Please use this identifier to cite or link to this item: http://scholarbank.nus.edu.sg/handle/10635/77737
Title: Context-Dependent Acoustic Modelling for Speech Recognition
Authors: WANG GUANGSEN
Keywords: logistic regression, context-dependent modelling, deep neural networks, large vocabulary continuous speech recognition, articulatory features
Issue Date: 6-Jan-2014
Source: WANG GUANGSEN (2014-01-06). Context-Dependent Acoustic Modelling for Speech Recognition. ScholarBank@NUS Repository.
Abstract: Context-dependent (CD) acoustic modelling is widely used in the state-of-the-art large vocabulary continuous speech recognition (LVCSR) systems to address the co-articulation effect in continuous speech. Typically, a CD phone is defined using the neighbouring contexts. The number of CD phone units grows exponentially with the length of the context. In addition, a considerable number of CD phone units have limited numbers of occurrences, or are even unseen in the training corpus. To address this data sparsity problem, parameter sharing/tying is widely adopted. However, this solution introduces another problem: all the CD states in the same cluster share the same set of parameters, making them indistinguishable during decoding. This problem is referred to as the ?clustering? problem. Deep neural networks have been found to outperform the conventional discriminatively trained Gaussian mixture models (GMMs) on a variety of speech recognition benchmarks, which has led to a resurgence of interest in acoustic modelling with NNs, especially DNNs. This thesis is devoted to the CD modelling of the hybrid (D)NN/HMM systems. The first part of the thesis focuses on the hybrid NN/HMM systems with a shallow NN structure, in which only one or two hidden layers are used. The CD state probabilities are obtained from a product-of-expert (PoE) based probability factorisation scheme within the canonical state modelling (CSM) framework. The PoE framework comprises a context-independent (CI) NN followed by a set of two-layer CD-NNs. The canonical states are produced by the CI-NN and the CD-NNs are regarded as the transformations of the canonical state posteriors. The CD state probabilities are computed as the product of the canonical state posteriors and the CD-NN posteriors. Based on the insights obtained from the shallow NN, the major part of the thesis emphasises the hybrid CD-DNN/HMM systems by proposing a novel logistic regression framework. The data sparsity problem is addressed by using the decision tree state clusters as the training targets in the standard CD-DNN/HMM systems. However, the clustering problem is not explicitly addressed in the current literature. In this work, we formulate the CD-DNN as an instance of the CSM technique based on a set of broad phone classes to address both the data sparsity and the clustering problems. The triphone is clustered into multiple sets of shorter biphones using broad phone contexts to address the data sparsity issue. A DNN is trained to discriminate the biphones within each set. The canonical states are represented by the concatenated log posterior probabilities of all the broad phone DNNs. Logistic regression is used to transform the canonical states into the triphone state output probability. Clustering of the regression parameters is used to reduce model complexity while still achieving unique acoustic scores for all possible triphones. Based on some approximations, the regression model can be regarded as a sparse two-layer NN with dynamically connected weights, and its parameters can be learned by optimising the cross-entropy criterion. The experimental results from a broadcast news transcription task reveal that the proposed regression-based CD-DNN significantly outperforms the standard CD-DNN. The best system provides a 1.3% absolute word error rate reduction compared with the best standard CD-DNN system.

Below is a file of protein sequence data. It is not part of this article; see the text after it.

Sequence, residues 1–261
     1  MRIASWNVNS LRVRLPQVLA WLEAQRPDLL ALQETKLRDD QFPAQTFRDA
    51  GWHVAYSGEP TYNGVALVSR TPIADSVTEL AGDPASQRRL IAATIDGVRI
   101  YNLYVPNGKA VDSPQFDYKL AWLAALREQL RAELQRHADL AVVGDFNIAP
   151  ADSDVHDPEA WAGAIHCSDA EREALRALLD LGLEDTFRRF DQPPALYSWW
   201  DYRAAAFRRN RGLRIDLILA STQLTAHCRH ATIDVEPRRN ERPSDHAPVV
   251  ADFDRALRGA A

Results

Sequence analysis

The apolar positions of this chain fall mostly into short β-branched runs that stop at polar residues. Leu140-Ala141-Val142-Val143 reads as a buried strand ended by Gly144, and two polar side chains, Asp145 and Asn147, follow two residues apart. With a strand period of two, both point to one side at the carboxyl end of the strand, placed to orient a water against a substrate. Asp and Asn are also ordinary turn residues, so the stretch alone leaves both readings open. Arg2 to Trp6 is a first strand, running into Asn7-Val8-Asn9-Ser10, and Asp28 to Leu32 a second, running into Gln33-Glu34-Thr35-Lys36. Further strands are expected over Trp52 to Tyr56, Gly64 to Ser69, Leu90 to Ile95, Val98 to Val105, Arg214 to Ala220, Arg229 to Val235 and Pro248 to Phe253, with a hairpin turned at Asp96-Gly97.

URI: http://scholarbank.nus.edu.sg/handle/10635/77737
Appears in Collections:Ph.D Theses (Open)

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